“Now the Lord said to Samuel, ‘…Fill your horn with oil, and go; I am sending you to Jesse the Bethlehemite. For I have provided Myself a king among his sons.’”—1 Samuel 16:1

The cause and effect of Saul appointed as a commander and not a king was his reaction to David. He did not want anyone under his military command who was outperforming him. After all, Saul had only slain his thousands, and David his ten thousands.

God is removing and taking Saul out from positions of power and authority in the government of the United States and around the world, as well as in the Church establishment, because it is time to prepare Israel for her Messiah.

Therefore, the time period of David’s waiting—a time of trouble and much confusion—is coming to an end. It is crucial that as we find ourselves at the end of this waiting period, that we make the right choices and decisions and not lose all the years that the Lord has tested and “de-Saulized” us.

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It is Worth the Wait!

The wait is almost over and we are entering a season of promotion. I want to share with you five important lessons that we can learn when we choose to wait upon the Lord:

  1. Waiting is a form of adversity, a test of our faith and endurance. Waiting is a time of spiritual warfare, faith, and endurance. Waiting perfects spiritual warfare and takes it to a new level.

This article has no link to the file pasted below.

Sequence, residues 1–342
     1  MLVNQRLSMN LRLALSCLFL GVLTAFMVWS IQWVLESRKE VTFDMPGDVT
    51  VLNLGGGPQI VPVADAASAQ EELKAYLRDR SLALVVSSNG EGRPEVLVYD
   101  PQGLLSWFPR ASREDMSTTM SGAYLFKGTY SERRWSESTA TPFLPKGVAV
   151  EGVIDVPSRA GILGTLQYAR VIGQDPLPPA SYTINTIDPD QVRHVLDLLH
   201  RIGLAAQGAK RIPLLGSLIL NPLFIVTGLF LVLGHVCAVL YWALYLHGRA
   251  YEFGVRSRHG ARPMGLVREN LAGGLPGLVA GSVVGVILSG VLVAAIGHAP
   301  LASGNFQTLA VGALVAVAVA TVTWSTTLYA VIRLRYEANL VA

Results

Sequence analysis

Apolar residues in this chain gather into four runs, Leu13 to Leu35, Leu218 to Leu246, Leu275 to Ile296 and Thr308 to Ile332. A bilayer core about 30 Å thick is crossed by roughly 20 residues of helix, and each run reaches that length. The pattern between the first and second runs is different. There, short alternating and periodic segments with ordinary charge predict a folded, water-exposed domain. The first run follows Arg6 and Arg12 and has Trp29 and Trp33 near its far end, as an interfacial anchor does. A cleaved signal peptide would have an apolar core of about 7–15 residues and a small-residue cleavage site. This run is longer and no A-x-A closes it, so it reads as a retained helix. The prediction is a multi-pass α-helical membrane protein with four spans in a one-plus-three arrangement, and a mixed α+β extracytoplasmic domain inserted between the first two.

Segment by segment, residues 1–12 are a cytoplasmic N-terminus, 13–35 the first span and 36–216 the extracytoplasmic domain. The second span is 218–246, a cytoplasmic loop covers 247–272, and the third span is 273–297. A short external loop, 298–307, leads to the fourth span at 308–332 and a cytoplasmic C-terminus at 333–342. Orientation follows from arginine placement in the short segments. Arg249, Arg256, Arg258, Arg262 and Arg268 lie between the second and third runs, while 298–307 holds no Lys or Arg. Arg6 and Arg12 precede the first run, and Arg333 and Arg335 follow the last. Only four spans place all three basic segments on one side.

2. Satan often attacks by trying to capitalize on divine delays. When delays come, Satan tries to push our buttons, we get impatient, we move in the flesh, and we are not blessed because we don’t wait on the Lord. Waiting perfects our endurance to stand.
  3. Times of waiting on the Lord are designed to be those times when our faith is stretched and our intimacy with Him is enhanced. We need to know God more, so that we know His ways, so that when the increase comes we will know what to do with it. Waiting brings us into a more intimate relationship with God, our ultimate provider.
  4. Waiting is a significant part of each of our lives. We need to learn how to have patience and function spiritually in the midst of delays. Waiting is part of life, and we will not to allow delays to steal our joy in praising Him.
  5. God always makes it worth the wait!

It’s worth the wait if we stay in faith!

Protecting the Provision

Protecting the Provision…

A David anointing understands spiritual alignment, spiritual protocol, the Feasts of the Lord, and seedtime and harvest—it understands the ways of God. The spirit of David desires to deposit some of that abundance into the Saul house because the house of Saul does not understand how to provide for itself.

The heart of David wants to walk in the principals of protecting the provision; the Saul spirit does not care about provision, it only cares about position.